Secret of Mana held my attention for many, many hours as a youngster. There was something about the careful blend of immediate action and strategic nuance in its combat system that won my Final Fantasy-loving sensibilities over more than something like The Legend of Zelda. Plus, the (at the time) superbly animated sprites and infectious soundtrack had me praising the power of the SNES and the artistry of the good people over at Square. Fast forward to a few months ago, following the announcement of this ‘remake’ of the game for the PS4, and I decided to give the original another spin for old time’s sake. What I encountered was something of a reality check, because although Secret of Mana’s charming presentation has aged gracefully, its poorly written story and cumbersome mechanics have not. That’s okay, I thought to myself, I’ll wait until the remake where they’ll have fixed all of this.
Pictured: Square Enix trying to save the Final Fantasy VII remake
Before I even get started on any of that though, I need to address the most important thing about this new version of Secret of Mana: it looks a bit shit. Gone are the energetic and expressive sprites from the SNES, now replaced by awkward new 3D models that possess none of the whimsical elasticity of the originals. Same goes for the environments. In retrospect the 1993 pixel art backdrops might have been a little on the ugly side with their garish colours and endlessly-repeated tilesets, and for some reason the new renditions have continued those same mistakes. Worse still, most of the effort seems to have gone into newly overhauled cutscenes with more dynamic camera angles and full voice acting that blatantly highlight the fact that nobody’s mouth ever moves when they’re talking. It’s disconcerting to witness and further drives home the fact that rather than put in the effort to really modernise the game, or instead stick more closely to the visual language of the original, Square Enix saw fit to awkwardly straddle the middle ground. I do appreciate the old-school environments becoming the game’s mini-map though.
I’ll give you two guesses
This behaviour continues with the game proper. Secret of Mana was decidedly unconventional back in the day, an action RPG that also possessed the depth and strategic opportunities of the more full-blooded turn-based JRPGs that were currently gaining popularity. Perhaps its most distinct feature was the ‘ring’ menu system, a mechanic whereby all necessary battle commands (save for the basic attack buttons) and character management were done in a wheel-based menu that overlaid the play area rather than cutting to a separate interface screen. It was a mostly elegant and novel approach, if occasionally cumbersome and confusing for new players thanks to a lack of explanation. You’d think given the opportunity that a remake would fix these kinds of issues, but alas no. Players will still need to stumble upon any of the ring menu’s existence and functions almost by accident, and navigating it is still a pain. Worse, the in-battle menu no longer hovers above the appropriate character in battle, making it harder to figure out who’s doing what in the heat of battle. On a positive, three-player cooperative play is back in full and much friendlier on modern consoles that support more than two controllers without a costly attachment, so that’s nice.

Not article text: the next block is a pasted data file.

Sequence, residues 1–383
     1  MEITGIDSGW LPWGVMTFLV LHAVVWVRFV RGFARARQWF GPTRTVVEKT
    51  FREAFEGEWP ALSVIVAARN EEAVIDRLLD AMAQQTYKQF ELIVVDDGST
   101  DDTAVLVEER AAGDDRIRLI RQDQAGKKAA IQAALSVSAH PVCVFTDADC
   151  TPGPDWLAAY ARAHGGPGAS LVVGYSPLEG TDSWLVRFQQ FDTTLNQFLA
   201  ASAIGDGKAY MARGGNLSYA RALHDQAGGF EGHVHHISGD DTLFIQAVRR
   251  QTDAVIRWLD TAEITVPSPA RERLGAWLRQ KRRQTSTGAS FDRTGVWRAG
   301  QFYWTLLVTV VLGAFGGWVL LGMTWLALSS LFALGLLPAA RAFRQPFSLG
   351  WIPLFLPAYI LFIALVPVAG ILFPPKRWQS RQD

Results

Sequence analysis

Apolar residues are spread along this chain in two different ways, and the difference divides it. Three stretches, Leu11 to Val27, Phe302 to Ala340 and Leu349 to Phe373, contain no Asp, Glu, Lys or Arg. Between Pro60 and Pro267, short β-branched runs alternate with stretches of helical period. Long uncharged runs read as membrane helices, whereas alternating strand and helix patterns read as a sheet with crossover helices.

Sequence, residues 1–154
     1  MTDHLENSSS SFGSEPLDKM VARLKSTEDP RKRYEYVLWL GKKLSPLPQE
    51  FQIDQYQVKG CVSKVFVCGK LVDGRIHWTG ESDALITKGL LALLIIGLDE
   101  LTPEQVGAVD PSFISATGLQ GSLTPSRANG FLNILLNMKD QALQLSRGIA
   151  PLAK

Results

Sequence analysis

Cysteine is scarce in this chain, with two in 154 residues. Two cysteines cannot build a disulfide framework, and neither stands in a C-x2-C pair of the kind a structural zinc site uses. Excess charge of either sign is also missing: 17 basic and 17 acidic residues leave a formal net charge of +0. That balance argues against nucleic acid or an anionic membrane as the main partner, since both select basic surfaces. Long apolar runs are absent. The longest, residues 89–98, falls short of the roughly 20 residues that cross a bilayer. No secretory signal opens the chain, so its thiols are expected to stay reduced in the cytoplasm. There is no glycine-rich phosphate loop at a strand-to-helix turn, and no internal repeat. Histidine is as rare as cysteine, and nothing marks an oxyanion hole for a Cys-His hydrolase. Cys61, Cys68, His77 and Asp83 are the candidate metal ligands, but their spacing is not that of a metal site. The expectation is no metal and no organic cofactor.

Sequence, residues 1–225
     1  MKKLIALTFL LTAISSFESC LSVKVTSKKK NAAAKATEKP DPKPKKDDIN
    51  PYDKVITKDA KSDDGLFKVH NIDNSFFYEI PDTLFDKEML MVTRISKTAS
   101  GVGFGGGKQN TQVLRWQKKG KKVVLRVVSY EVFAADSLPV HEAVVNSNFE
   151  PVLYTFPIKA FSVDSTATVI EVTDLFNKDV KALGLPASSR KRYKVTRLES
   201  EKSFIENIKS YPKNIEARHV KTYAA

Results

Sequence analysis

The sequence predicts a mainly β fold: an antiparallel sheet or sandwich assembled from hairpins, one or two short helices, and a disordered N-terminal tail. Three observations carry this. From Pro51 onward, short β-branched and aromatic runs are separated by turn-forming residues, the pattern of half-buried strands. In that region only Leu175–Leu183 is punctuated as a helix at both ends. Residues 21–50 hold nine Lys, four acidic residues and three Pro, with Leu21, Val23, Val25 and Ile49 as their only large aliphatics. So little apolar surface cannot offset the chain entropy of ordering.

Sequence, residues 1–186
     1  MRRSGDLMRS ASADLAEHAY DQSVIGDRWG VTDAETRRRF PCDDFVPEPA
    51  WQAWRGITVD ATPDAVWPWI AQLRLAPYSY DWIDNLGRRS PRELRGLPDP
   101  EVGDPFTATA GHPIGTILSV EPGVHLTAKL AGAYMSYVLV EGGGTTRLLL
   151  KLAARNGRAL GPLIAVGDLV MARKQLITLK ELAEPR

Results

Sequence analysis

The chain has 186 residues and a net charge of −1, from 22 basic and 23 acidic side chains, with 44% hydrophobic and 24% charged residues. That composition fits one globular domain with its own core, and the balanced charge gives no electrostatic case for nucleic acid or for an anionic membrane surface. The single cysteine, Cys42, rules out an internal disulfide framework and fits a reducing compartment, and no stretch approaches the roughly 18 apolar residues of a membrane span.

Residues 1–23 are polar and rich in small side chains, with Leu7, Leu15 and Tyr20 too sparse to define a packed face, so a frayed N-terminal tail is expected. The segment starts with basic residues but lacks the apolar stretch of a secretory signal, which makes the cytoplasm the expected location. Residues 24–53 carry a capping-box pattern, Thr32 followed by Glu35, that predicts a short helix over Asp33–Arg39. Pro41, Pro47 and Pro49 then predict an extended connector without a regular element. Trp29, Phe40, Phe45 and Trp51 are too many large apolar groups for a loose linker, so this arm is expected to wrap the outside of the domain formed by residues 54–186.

One minute they’re harassing rabbit-creatures in the woods, next thing you know they’ll be saving the world from certain doom
It’s not even that playing this remake of Secret of Mana isn’t fun. Exploring and fighting is still a good time (especially with friends) and the overall adventure is still grand, it’s just such an ill-considered combination of missed opportunities and legitimate backwards steps. The storyline and dialogue are exactly as ham-fisted as they always were, far from a crime in the burgeoning days of video game storytelling but cringeworthy enough today without being highlighted by a full suite of awful voice acting. Even the soundtrack has been tarnished. Opting to replace the old chiptune music with new, high quality arrangements was always going to be controversial and while most of the new stuff is okay, some of it really sucks. Thankfully, the option is there to switch to the original sounds, which is a nice inclusion but just highlights more what a mixed bag the new audiovisual treatment is.
Secret of Mana is a classic of the 16-bit era, and the existence of this remake still goes to highlight the lasting power of its unique systems, but it also sucks a lot of the life out of what made the game shine. Much to my disappointment, Square Enix have somehow exacerbated the original version’s issues while diluting its more redeeming qualities and slapped a $60 price tag on it in the name of nostalgia.
Reviewed on PlayStation 4 Pro | Review code supplied by publisher